The Morning Report
Get the news and information you need to take on the day.
Tuesday, March 15, 2005 | “Filfil” is the word for “pepper” in Arabic. Two words that pepper all conversation here in Jordan might be useful for San Diego these days – “Insha’Allah,” meaning “should God will it,” and “Alhamdulillah,” which means “thanks to God.” Although they are used as often as we invoke God and Jesus as exclamations and filler words in American conversation, I believe people here mean what they are saying.
In response to “How are you?” the appropriate reply is “Alhamdulillah.” It doesn’t mean “Fine, thank you,” it means, “No matter how I am feeling, thanks be to God.” The old woman in her button shop, with her lower lip cracked and bleeding, says “Alhamdulillah” and wipes her lip without either of us mentioning it. When I tell people my sleek new laptop computer was ruined in a repair gone awry, the first comment is “Alahamdulillah.” Right, it has been the worst thing to happen during my five months here. It’s only a thing, after all.
Jordanians think of themselves as living in a Muslim country, albeit with a vastly diluted emphasis on religious observance over the past 15 years with the impact of satellite TV. Even lapsed Muslims are inspired by the recent American convert in her headscarf and exclaim “Alhamdulillah.” In making plans, people here will say, “I’ll pick you up in 10 minutes, Insha’Allah.” The culture is permeated with the understanding that God is in charge, and even within the next 10 minutes people must make the best decisions in all matters to earn reward from God because any moment may be one’s last.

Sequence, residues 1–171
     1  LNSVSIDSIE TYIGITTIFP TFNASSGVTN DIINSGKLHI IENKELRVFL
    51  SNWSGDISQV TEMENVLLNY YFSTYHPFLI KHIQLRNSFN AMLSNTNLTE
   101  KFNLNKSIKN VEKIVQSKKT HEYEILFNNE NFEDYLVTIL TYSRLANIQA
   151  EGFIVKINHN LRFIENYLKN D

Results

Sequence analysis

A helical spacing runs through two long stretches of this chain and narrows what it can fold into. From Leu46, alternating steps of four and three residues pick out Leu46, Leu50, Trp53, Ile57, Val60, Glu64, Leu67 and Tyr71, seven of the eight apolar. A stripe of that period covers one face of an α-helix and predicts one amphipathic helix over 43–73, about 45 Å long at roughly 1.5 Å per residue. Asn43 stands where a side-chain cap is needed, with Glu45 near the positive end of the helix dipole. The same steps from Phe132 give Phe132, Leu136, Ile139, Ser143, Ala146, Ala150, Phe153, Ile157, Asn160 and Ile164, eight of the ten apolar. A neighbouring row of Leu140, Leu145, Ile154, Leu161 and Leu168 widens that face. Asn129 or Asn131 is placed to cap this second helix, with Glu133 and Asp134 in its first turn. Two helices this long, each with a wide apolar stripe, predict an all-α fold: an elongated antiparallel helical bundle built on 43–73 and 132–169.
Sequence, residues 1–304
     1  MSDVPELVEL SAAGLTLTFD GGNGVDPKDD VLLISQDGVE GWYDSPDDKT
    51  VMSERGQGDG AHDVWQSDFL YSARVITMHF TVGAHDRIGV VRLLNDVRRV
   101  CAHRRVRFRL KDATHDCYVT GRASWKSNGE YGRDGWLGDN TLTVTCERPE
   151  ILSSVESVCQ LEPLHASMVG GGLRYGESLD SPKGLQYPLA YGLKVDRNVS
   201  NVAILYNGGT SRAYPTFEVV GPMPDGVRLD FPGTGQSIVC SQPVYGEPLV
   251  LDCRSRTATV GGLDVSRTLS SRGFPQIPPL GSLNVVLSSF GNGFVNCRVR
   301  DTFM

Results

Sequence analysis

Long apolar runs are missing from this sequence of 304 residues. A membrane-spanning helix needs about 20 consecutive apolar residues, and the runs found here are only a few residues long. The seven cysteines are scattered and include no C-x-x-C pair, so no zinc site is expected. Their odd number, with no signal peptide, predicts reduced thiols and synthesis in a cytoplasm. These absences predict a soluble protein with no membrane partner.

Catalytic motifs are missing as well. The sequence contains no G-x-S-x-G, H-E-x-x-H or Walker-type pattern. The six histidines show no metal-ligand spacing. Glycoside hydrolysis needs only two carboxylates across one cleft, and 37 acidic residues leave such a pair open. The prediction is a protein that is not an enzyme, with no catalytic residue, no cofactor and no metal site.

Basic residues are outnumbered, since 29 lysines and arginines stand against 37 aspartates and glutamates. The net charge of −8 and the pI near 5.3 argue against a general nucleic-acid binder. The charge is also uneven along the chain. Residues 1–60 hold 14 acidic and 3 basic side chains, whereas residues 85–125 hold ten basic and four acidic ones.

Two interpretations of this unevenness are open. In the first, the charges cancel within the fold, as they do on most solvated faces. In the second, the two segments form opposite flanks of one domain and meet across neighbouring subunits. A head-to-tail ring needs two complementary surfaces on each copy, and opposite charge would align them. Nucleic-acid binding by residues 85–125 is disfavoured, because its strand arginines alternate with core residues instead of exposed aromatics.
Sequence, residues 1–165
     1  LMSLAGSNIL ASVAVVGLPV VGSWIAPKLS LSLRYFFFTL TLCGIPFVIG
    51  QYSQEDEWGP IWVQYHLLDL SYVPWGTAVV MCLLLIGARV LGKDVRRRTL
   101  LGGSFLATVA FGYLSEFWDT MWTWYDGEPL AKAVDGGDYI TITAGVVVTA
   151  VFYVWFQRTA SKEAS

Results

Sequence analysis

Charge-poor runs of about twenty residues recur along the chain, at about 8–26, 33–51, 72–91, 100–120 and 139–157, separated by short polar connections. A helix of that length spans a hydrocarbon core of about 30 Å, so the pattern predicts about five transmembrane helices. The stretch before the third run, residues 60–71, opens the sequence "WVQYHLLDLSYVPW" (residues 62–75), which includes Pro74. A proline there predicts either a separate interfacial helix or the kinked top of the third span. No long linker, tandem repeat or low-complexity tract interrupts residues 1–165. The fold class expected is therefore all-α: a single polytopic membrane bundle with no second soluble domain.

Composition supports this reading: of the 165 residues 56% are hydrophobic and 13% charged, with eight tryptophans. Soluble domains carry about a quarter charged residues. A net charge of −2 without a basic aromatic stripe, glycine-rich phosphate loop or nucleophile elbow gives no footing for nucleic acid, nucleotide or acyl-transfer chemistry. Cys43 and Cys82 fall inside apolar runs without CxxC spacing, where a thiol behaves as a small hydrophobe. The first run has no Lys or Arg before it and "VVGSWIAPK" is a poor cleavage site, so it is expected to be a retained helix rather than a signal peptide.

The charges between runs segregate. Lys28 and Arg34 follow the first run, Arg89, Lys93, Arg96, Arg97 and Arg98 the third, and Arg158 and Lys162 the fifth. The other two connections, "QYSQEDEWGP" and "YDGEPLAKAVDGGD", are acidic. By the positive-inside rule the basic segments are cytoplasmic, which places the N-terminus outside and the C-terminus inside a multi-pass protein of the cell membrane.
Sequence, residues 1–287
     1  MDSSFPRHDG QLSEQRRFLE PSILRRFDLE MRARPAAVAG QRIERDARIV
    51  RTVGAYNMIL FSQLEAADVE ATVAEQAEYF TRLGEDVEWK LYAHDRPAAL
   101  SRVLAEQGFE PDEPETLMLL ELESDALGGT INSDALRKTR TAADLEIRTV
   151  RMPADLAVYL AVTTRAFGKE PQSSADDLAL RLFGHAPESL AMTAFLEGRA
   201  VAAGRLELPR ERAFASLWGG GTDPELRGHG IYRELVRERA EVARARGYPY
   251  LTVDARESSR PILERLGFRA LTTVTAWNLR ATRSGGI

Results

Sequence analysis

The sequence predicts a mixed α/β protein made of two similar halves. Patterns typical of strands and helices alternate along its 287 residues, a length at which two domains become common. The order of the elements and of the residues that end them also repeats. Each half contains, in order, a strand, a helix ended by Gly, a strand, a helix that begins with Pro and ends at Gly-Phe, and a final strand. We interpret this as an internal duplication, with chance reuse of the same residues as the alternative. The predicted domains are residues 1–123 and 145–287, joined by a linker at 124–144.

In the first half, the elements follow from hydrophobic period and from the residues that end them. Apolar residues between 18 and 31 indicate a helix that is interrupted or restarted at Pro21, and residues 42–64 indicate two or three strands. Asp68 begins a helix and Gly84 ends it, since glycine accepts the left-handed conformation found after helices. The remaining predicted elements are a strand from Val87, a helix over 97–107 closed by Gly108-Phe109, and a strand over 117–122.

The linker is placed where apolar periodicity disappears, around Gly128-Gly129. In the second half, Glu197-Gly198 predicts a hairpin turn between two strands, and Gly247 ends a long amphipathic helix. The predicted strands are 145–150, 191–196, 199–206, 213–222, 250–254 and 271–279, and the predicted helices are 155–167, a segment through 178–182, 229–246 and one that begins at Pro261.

Jordanian citizens have a king with vision and few resources. San Diego had the wealth of a kingdom but the visionaries were ignored. When the fiscal moderators of America’s most promising city forgot to make the best decisions, aside from legal action, we must say “Alhamdulillah” and encourage people with proactive wisdom to step forward to fix things, “Insha’Allah.”
But why would intelligent people who can live productive lives without the headaches of public service bother? Because the reward for using one’s talents is greater than the headache. Because if they don’t, there won’t be a community worth living in. On a glorious sunny day in San Diego, it is easy to be thankful and too easy to forget to be when the traffic is slow. “Alhamdulillah,” you have a car, you have smooth, efficient roadways, you may even have work you like, and most of the people around you don’t smoke. Those are a few of the things I appreciate from afar.
“Insha’Allah,” you will look around and want to be a part of the solution. And “Insha’Allah,” my computer can be fixed when I return. If not, “Alhamdulillah.” There are more important things to worry about, like getting people in charge to pay serious attention to fixing the problems at City Hall.
Jill Morgan, a graduate of The Bishop’s School in La Jolla, is in Jordan on an educational instruction assignment.